Famous Bayon Temple in Angkor city

I had initially dismissed Pol Pot as a ‘mad man’, but on reflection I now see him as a rational man wrecked with insecurity. His fellow students who helped form the Khmer Rouge were one of the most educated people in Southeast Asia during the 1960s, some of them professors at elite universities in Cambodia. I can only imagine their shame during their student years in France that their once great nation paled in comparison to thriving Paris. Nationalism compounded by insecurity is a toxic concoction.

Unfortunately, this same insecurity continues to exist in most Cambodians but with the added burden of a violent modern past. It also manifests through the government’s intolerance of any criticism, constructive or not, for fear that they will be removed from power. Advocates for justice and reconciliation are targeted as opposition voices of dissent in need of being stamped out. It is clear that bridge-builders and mediators are needed to help bring Cambodia to a point of true peace.

Our field trip has taught me two main things. Firstly, it is important to uncover and document our past (as per the work of Documentation Center of Cambodia aka DC-Cam) as our history shapes our present. In order to move from our collective brokenness, society needs to heal by sharing the stories of the past in order to develop stories for the future. By articulating repressed emotions, people can be exorcised by the demons that bind them for so long. This gives deeper to the twin acts of confessing and forgiving, both necessary for people to move forward.

Secondly and at a more personal level, Cambodia reminds me of the need to really deal with my own issues of insecurity, fear and brokenness. As a peace-builder, it is incumbent on me to do so. Otherwise, the potential for harming people while working in the field is tremendous. This means being more intentional with seeking inner peace. Our trip with Osmose on the boats reminded me of how much I enjoyed being on small boats and how internally healing it was for me. I will need to actively seek out alternatives in Beijing if I am going to survive as a peacebuilder.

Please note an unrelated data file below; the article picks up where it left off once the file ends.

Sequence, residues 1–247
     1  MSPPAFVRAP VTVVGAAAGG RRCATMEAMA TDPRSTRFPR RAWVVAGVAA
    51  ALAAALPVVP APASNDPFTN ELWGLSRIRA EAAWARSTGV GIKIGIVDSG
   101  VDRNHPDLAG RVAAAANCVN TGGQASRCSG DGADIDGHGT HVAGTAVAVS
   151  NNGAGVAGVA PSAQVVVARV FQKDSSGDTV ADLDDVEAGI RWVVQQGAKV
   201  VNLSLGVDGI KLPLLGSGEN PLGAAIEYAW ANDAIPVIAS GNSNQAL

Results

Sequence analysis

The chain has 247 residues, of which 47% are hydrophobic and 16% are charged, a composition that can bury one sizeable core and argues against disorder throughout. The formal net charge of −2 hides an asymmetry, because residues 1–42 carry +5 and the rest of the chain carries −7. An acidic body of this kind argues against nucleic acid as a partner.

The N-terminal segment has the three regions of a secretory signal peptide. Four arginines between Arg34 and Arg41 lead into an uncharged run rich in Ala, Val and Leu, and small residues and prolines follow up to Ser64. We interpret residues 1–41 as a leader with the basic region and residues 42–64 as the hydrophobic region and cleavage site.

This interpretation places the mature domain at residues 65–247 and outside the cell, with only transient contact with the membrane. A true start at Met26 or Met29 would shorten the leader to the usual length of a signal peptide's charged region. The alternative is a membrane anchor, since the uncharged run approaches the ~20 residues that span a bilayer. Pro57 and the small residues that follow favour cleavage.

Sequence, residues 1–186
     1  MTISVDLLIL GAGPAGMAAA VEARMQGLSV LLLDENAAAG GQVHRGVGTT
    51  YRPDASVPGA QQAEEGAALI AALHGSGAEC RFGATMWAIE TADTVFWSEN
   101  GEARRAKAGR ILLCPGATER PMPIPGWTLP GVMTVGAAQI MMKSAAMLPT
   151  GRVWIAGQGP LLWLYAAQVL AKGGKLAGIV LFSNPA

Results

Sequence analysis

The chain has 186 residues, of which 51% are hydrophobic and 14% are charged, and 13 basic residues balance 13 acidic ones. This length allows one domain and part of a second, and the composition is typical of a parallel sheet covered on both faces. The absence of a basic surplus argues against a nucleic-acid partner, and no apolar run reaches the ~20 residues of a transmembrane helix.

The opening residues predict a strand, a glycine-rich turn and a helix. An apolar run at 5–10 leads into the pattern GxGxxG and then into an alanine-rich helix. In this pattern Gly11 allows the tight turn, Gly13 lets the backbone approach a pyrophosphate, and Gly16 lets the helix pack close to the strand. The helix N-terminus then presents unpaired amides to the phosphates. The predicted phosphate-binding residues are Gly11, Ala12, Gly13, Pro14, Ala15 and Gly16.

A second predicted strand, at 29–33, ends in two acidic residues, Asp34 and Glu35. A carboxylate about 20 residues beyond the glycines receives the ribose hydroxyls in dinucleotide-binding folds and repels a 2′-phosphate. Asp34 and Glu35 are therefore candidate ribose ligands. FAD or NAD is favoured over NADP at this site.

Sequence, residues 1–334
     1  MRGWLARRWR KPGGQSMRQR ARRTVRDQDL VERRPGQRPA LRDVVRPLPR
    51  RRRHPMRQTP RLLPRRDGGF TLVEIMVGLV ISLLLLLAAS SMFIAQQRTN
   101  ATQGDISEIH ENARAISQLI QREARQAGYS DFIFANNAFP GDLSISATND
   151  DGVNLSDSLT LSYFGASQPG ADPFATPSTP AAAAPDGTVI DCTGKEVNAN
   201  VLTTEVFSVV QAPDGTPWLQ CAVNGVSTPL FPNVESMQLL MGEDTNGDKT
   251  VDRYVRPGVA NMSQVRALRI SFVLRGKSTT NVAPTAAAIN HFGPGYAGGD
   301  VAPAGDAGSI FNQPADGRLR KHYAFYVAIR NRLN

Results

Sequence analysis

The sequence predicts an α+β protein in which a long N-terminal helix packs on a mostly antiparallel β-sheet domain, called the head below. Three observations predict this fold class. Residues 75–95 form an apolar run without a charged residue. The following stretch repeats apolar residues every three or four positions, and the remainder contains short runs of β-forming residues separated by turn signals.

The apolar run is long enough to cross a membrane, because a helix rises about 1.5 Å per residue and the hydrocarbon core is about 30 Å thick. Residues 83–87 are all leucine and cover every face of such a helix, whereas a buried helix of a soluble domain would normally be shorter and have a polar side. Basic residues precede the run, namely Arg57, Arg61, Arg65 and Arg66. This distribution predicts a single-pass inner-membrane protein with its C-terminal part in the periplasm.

Conversely, I will need to make a bigger effort to understand people and why they think differently. While it is hard to listen to (what may sound like) offensive views, often the underlying reasons may not be as strange. Hopefully I will also be slower to judge and quick to listen. This trip has made me realised that there are many traumatized people and nations in this world and thus ‘common sense’ is not a fair standard of measuring people.  Overall, this trip has reminded me to act less and ‘be’ more.

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Comments
6 Responses to “Reflecting on the Cambodian psyche”
  1. Another information and thought-provoking blog, thank you Elaine for sharing your musings and revelations = )

  2. Mike Knott says:

    Thanks for this Elaine.
    It is very insightful and well thought out.
    Your journey will most definitely be a personal one, from which you will be able to fulfill your dream for others.
    Ultimately the Holy Spirit will be there for you as you bring peace and reconciliation to a broken world.

  3. Fiona Reid says:

    I agree – great insight and quite profound. You are being very courageous in your self evaluation and humble in allowing us to glimpse your personal revelations. xx

  4. kennydurkin says:

    ”I’ll never understand the Khmer mentality” I’m forever hearing, from travelers who fail to grasp that understanding works both ways… and besides, understanding isn’t everything.